Ten Opportunities for Future Assemblies of God Research

A question was asked today in an Assemblies of God scholars group I am a part of concerning what areas in the AG needed more scholarship. While doing my own research on the AG, I would often come across information or topics that I recognized were still gaps in AG research.  Here is a list of topics that I thought of that future researchers and young scholars could explore at the masters or doctoral level.

1). Institutional History: The last denominational history was written in 1989 by Edith Blumhofer. The republished version of People of the Spirit by Gary B. McGee has added to that story. But, I still believe that a full history with updated information on the history and doctrinal development of the movement is needed. Likewise, I believe there is a need for a doctoral level study of the history of AG Bible school and universities. There is some work on P.C. Nelson and SAGU, as well as a few studies in Heritage on them as a whole. These institutions have been such a large part of the ethos of the denomination that the history and philosophy of these universities would be a fantastic study.

2). We need an updated systematic theology. Sometime back, I wrote a post on the history of Bible Doctrine books. The first full bible doctrines book was P.C. Nelson’s in 1936 (republished by GPH in 1948).  Myer Pearlman wrote Knowing the Doctrines of the Bible in 1937 and E.S. Williams followed that in 1953 with his Systematic Theology.  But it wasn’t until William Menzies wrote Understanding our Doctrine, which became the basis for Stanley Horton’s republished work Bible Doctrines (1993), that the AG had a modern theological exploration of AG doctrine by a PhD level scholar. The later  Systematic Theology (1994), edited by Stanley Horton, was a suitable systematic text, yet it is now nearly 25 years old.  It is time for a more mature and updated theological text based on the AG’s theological orientation and reflecting contemporary understandings of key AG doctrinal issues.  I hope my work on AG eschatology is a seed toward this goal.

3). There have only been a couple major studies of individual doctrinal beliefs of the Assemblies of God: Various ones on Initial evidence, Sanctification by Bruce Rosdahl and mine on Eschatology. More studies based on the doctrinal history of our other doctrines is needed. Also, while most studies of the AG include a history of the Statement of Fundamental Truths (including a whole chapter in my dissertation), no single study has yet to fully research the history of this document and its doctrines.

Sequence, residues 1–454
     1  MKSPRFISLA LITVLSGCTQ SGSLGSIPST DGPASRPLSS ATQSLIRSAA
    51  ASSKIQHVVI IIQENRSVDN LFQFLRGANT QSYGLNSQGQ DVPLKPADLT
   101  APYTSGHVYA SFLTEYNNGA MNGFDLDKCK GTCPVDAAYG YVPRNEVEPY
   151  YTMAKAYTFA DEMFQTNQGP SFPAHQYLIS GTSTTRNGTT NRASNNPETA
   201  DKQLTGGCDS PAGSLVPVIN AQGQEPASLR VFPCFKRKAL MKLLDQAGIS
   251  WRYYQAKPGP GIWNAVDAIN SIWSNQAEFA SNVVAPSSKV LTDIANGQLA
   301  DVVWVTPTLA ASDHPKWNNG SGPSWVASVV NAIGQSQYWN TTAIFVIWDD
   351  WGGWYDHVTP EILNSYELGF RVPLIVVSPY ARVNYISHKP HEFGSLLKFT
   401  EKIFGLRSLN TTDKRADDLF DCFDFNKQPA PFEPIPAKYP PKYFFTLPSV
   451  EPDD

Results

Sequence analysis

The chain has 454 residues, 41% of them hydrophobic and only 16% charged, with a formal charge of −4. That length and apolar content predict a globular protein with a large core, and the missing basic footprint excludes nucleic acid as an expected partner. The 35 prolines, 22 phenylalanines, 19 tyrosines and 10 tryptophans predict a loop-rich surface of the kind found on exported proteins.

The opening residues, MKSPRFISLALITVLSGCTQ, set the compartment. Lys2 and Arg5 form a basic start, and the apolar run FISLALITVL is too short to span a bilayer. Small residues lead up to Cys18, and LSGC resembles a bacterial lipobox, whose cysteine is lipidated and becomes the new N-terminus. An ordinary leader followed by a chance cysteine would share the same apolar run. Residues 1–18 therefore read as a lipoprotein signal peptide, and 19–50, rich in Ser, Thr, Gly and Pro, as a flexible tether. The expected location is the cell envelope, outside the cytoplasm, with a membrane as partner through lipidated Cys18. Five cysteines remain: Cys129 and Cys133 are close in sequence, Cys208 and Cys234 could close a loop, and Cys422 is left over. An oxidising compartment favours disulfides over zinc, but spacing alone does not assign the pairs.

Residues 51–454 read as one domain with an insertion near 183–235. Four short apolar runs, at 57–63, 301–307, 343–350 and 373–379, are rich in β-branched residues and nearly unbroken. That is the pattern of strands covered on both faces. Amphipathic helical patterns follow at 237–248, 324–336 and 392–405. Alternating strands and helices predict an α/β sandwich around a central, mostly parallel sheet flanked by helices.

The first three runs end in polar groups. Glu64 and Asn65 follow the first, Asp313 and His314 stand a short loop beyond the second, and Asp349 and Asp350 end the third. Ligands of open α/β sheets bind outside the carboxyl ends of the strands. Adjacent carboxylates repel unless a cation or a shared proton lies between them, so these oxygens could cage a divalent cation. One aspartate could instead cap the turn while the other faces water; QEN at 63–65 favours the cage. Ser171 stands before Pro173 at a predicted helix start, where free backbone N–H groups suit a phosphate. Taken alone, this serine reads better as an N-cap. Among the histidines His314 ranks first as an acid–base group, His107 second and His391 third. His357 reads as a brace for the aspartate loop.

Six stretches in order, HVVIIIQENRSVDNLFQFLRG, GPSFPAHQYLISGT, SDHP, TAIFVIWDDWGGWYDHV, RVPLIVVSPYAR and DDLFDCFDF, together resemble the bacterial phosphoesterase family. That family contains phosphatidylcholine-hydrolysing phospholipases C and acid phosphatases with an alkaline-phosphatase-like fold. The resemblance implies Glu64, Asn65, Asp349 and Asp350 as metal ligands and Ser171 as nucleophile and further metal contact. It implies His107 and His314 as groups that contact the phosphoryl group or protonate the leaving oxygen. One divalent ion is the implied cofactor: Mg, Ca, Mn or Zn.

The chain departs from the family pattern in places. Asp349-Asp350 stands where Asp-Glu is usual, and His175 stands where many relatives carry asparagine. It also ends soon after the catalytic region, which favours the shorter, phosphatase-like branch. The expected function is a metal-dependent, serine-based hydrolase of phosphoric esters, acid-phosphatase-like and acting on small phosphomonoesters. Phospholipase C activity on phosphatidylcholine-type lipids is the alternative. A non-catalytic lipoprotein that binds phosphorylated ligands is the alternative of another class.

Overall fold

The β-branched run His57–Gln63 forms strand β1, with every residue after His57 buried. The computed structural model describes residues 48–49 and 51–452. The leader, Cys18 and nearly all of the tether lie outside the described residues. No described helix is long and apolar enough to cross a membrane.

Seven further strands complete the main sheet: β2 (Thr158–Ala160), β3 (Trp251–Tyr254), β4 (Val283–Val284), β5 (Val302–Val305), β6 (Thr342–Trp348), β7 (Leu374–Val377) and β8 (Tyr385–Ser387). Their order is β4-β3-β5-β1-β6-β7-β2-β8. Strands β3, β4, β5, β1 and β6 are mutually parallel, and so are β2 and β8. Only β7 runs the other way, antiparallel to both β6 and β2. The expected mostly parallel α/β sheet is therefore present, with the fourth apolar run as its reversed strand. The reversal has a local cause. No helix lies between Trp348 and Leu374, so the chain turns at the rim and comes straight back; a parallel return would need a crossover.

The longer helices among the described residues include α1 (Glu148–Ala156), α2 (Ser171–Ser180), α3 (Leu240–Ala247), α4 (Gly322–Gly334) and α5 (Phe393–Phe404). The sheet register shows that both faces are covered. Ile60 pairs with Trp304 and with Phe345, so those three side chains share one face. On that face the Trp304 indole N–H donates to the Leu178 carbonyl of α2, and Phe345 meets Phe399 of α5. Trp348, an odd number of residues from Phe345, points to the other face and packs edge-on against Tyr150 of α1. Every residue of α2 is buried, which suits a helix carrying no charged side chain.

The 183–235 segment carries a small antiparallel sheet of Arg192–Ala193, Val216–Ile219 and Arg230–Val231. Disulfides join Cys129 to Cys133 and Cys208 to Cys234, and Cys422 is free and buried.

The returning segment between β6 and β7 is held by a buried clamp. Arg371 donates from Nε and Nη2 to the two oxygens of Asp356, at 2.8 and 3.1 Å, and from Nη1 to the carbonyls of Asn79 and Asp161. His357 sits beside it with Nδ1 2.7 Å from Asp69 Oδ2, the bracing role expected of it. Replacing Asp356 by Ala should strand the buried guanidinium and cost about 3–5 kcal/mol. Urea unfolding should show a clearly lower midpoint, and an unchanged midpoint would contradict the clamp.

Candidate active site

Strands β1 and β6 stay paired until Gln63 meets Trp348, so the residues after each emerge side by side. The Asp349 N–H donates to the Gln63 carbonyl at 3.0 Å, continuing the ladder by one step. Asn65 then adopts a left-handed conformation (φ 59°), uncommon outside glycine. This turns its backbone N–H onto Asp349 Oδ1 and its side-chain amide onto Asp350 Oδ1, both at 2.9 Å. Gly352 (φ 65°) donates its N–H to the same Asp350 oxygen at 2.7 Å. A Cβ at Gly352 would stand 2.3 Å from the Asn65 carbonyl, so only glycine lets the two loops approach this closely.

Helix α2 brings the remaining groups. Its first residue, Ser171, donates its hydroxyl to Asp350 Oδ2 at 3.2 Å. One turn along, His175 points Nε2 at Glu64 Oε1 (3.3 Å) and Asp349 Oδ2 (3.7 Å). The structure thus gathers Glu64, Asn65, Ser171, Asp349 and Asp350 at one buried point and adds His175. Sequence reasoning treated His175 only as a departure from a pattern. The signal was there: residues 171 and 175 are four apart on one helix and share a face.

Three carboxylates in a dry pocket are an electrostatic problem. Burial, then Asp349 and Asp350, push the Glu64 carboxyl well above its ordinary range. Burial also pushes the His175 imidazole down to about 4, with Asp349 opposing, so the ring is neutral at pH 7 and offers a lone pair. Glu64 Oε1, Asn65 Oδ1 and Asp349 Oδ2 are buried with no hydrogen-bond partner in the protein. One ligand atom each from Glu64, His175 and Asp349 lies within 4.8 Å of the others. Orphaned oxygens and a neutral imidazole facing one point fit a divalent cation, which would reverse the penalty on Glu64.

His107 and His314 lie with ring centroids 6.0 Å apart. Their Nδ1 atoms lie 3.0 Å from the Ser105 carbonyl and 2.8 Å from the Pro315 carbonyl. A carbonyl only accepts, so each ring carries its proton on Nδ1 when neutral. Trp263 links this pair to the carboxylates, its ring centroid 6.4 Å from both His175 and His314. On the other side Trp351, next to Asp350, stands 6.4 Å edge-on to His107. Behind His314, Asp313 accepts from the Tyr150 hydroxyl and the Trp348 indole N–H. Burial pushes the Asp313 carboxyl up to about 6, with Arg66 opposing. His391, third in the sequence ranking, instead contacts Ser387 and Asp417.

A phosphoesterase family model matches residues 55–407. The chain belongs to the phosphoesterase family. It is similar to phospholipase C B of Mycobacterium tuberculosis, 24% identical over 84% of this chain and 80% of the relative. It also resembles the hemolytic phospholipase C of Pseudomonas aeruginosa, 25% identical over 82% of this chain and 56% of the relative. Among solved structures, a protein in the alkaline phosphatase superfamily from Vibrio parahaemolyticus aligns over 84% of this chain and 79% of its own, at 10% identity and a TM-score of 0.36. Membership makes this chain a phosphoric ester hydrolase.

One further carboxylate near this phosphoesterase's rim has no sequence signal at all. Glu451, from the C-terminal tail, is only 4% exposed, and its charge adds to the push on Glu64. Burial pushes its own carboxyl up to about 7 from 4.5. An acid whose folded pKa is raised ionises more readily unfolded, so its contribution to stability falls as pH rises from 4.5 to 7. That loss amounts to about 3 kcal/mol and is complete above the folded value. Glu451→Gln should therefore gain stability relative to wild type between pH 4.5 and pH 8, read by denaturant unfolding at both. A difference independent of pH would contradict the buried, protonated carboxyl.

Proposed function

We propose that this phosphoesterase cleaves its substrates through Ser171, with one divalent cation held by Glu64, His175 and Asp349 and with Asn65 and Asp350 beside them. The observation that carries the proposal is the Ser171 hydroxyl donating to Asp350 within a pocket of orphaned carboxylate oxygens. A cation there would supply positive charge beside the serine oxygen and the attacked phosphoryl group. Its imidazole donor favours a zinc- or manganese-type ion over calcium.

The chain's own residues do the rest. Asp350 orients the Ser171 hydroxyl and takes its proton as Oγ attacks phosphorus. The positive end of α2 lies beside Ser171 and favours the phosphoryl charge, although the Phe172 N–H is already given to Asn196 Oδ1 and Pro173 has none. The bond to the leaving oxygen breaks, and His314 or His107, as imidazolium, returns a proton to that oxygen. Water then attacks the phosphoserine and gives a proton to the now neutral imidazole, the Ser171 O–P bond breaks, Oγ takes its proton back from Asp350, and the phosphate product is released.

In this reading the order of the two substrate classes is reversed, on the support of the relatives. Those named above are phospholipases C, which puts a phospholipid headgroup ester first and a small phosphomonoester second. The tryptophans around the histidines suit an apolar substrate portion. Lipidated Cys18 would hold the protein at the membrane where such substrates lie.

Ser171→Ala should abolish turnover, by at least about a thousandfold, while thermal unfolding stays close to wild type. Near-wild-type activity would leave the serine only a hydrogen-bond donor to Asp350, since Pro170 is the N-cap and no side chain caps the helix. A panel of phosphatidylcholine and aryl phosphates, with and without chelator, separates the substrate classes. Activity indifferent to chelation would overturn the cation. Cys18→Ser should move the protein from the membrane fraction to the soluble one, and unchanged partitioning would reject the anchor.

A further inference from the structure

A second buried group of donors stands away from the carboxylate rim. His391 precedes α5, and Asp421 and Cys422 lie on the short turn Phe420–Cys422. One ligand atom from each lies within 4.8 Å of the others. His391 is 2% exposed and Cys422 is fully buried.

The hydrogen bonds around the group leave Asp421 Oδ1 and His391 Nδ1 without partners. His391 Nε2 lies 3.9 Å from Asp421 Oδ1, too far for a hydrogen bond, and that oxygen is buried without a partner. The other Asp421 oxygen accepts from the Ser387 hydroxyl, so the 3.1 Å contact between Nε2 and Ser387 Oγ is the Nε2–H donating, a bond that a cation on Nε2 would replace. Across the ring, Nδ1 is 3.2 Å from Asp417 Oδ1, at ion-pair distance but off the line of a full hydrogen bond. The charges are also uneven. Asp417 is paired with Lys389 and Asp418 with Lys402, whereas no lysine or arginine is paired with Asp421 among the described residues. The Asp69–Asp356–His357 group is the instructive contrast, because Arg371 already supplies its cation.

4). The genre of Pentecostal biographies has grown in the past few decades, but there is still much work to do, especially on important AG figures. We still need biographies leaders like E.N. Bell, S.A. Jamieson, Stanley Frodsham, E.S. Williams, and many others. The most recent was David Ringer’s short bio of J.R. Flower. Before that was the biography of Stanley Horton by Lois Olena. Many more like it could be produced.

5) In the topic of biographical study, I could see the potential of a volume on the women of the Assemblies of God.  The topic of women in ministry was covered brilliantly by Joy Qualls and there has been some short studies by the Flower Pentecostal Heritage Center. However, there is certainly a need for more biographies some of the AG’s significant female ministers. The stories of women like  Alice Flower, Elizabeth Sisson, Alice Luce, and others have yet to be told. I particularly think someone should study the phenomenon of the female child evangelists like Louise Nankeville and Edna Jean Horn, could be explored.

6). Someone needs to do a study on the two genres that GPH published in many books: Poetry and Junior Fiction Novels. I was surprised to find out how many poems were published in the Pentecostal Evangel and how many christian poetry books by AG ministers were published by GPH. I was equally surprised to see the number of junior fiction novels the GPH published. Someone needs to do a literary analysis of these interesting genres in AG history.

7). Someone needs to do a study of first generation AG PhD’s such as Stanley Horton, William Menzies, Klaud Kendrick, John Wycoff, etc. and how that impacted the way the AG did theology.

8). Nearly 30 years ago, Margaret Poloma declared that the AG was at a “crossroads” in the charismatic ethos of our local churches.  Where have we gone since then?  I think we need an updated sociological study similar to Poloma’s in 1989, with statistical data charting the prevalence of charismata in the AG. (editing note, Peter Althouse reminded me that Poloma and Green produced a 2010 updated study of the AG).